Cookies on this website

We use cookies to ensure that we give you the best experience on our website. If you click 'Accept all cookies' we'll assume that you are happy to receive all cookies and you won't see this message again. If you click 'Reject all non-essential cookies' only necessary cookies providing core functionality such as security, network management, and accessibility will be enabled. Click 'Find out more' for information on how to change your cookie settings.

Prolonged use of solid fuels such as coal and wood for cooking, and tobacco smoking are associated with higher risk of dying from chronic liver diseases (CLD) including liver cirrhosis and liver cancer, according to new research published in the International Journal of Epidemiology.

Despite improvements over the past few decades, over 2.6 billion individuals worldwide still rely on solid fuels for cooking. Tobacco use has also risen substantially in China and other low- and middle-income countries (LMICs). Currently, China has 450 million solid fuel users and 320 million smokers who consume more than 40% of the world’s tobacco. Solid fuels and tobacco smoke contain high concentrations of thousands of toxic chemicals which when breathed in, can get into the blood stream, reach the liver and lead to harm. Despite this plausible link, little contemporary epidemiological evidence exists on the potential impact of these risk factors on chronic lung disease in low and middle income countries.

Researchers from NDPH, the Chinese Academy of Medical Sciences, and the Peking University investigated the independent associations of long-term use of solid fuels for cooking and smoking with CLD deaths using data from the China Kadoorie Biobank (CKB).

The study, led by Drs Ka Hung Chan, Derrick Bennett and Hubert Lam, recruited 501,104 adults with an average age of 52, and no history of cancer, from 10 diverse areas of China during 2004-08. Cooking fuel use patterns, over a 40 year period and current and past smoking behaviour were assessed using questionnaires. The occurrence and causes of death were monitored for 10 years via linking to death registries, during which 2,461 deaths from major CLD were recorded.

After accounting for potential confounders, such as age, sex, socioeconomic status, alcohol intake, adiposity, diabetes, and hepatitis B infection status, those who had always used coal or wood for cooking had 26% higher risk of dying from CLD compared to those who had always used gas or electricity. Notably, those who had used solid fuels for 40 years or longer (32%) and those who primarily used wood (33%) had higher risks of CLD death.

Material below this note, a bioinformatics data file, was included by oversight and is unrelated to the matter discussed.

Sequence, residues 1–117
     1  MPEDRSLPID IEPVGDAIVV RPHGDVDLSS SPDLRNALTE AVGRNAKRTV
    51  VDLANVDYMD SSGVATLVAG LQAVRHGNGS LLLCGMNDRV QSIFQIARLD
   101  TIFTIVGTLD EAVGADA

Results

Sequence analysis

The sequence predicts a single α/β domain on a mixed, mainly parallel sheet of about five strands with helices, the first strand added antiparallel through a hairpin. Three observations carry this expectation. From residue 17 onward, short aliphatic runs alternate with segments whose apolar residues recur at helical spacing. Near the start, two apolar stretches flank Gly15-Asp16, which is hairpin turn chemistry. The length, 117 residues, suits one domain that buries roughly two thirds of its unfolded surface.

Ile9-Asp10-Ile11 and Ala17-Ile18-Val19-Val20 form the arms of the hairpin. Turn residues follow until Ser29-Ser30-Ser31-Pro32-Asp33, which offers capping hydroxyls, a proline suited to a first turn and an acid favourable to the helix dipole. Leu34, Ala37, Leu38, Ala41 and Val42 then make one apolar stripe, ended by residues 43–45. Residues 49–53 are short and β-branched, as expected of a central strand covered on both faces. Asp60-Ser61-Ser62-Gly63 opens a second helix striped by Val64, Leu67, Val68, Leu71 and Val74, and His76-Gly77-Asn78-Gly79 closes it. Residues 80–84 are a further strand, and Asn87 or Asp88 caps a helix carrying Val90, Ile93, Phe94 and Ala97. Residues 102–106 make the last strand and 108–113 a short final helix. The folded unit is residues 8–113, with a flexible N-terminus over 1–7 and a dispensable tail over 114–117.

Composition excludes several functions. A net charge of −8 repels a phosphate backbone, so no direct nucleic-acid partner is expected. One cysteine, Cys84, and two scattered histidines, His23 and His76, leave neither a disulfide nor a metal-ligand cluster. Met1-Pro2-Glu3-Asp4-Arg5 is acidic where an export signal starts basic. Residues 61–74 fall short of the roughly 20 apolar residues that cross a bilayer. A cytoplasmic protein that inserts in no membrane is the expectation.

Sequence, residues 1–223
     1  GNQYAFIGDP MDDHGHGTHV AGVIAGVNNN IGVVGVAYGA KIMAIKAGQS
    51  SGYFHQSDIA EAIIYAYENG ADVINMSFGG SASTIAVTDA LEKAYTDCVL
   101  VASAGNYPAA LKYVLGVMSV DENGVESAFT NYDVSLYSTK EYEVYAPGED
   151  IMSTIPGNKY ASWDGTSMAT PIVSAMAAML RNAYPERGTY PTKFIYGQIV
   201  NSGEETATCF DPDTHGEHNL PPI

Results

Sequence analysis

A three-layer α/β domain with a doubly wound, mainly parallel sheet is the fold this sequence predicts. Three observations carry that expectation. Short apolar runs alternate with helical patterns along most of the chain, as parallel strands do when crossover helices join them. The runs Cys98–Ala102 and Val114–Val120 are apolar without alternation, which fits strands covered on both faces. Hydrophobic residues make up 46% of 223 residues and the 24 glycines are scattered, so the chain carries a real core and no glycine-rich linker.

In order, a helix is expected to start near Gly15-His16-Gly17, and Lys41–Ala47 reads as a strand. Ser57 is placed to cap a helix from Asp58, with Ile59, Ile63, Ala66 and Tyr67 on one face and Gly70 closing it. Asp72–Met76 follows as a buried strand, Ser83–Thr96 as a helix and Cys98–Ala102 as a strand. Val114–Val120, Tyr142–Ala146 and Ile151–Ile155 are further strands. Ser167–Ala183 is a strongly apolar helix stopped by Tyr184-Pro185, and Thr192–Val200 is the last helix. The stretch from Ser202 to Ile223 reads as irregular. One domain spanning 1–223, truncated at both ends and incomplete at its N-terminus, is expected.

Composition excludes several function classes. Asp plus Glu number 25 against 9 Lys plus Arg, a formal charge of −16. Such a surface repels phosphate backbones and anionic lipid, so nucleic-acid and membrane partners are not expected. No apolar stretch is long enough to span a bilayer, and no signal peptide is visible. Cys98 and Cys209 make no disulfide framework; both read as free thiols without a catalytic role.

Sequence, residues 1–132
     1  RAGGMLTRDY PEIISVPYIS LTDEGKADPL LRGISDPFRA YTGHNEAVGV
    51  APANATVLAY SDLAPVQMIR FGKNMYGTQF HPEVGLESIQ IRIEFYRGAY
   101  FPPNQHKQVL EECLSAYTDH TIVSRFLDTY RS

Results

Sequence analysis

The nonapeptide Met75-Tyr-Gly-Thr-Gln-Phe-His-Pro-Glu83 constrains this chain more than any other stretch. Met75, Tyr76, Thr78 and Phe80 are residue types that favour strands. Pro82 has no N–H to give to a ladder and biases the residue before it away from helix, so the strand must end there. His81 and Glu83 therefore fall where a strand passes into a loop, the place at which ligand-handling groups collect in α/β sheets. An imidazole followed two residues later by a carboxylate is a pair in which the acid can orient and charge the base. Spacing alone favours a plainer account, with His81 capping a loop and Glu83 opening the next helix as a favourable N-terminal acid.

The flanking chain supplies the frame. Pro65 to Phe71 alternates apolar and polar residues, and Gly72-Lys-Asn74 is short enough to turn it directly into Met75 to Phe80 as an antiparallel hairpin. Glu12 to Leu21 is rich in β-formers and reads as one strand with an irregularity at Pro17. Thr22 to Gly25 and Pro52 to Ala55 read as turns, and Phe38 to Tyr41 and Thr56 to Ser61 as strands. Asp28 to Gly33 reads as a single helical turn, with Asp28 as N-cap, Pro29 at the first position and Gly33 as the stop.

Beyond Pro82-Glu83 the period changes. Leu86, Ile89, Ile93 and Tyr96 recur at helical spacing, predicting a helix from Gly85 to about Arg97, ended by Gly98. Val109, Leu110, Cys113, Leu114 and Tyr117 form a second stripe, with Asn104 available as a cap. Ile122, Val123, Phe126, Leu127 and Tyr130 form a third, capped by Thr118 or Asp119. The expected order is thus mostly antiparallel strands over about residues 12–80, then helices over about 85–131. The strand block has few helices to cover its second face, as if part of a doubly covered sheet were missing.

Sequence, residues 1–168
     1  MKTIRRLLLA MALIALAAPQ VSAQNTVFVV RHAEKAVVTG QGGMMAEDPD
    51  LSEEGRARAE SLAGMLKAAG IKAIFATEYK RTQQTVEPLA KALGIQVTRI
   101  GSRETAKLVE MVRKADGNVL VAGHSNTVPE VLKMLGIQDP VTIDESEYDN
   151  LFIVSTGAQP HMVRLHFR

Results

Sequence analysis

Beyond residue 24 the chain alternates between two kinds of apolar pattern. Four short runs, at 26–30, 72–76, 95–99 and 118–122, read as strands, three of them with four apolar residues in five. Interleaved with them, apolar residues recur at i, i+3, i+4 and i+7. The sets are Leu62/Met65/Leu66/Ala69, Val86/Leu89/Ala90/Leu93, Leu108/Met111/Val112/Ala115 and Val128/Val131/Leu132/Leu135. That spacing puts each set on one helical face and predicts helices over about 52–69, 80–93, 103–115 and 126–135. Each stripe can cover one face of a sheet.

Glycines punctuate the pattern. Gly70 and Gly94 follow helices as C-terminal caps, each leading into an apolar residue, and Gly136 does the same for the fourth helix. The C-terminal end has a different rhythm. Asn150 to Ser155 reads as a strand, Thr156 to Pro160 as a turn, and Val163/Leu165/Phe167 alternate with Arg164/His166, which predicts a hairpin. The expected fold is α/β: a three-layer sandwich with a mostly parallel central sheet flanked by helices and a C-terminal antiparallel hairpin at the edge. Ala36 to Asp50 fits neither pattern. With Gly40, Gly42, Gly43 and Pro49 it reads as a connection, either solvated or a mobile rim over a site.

Similarly analyses of smoking indicated that current-smokers had 28% excess risk of CLD death compared to those who never smoked, with higher risk among those who started smoking at an earlier age (under 20 years: 37%) and those who smoked more cigarettes per day (25 or more cigarettes: 44%).

This is one of the first and largest epidemiological studies demonstrating the potential harm of solid fuels and tobacco use on the liver in an LMIC setting. “Our findings provided new evidence to suggest that the public health impact of household air pollution and smoking may be larger than we initially thought.” said Dr Derrick Bennett, Senior Statistical Epidemiologist.

The researchers also highlighted that the excess risk of CLD death associated with use of solid fuels and tobacco may be mitigated by switching to clean-burning fuels such as gas or electricity and stopping smoking. Professor Zhengming Chen, the principal investigator of the China Kadoorie Biobank, said: “The risk of CLD death in those who had switched from solid to clean fuels for about 14 years and those who stopped smoking for 10 years were similar to the long-term clean fuel users and never-smokers. Although such observational evidence cannot confirm causality, it calls for greater efforts to promote universal access to affordable clean energy and smoking cessation worldwide”.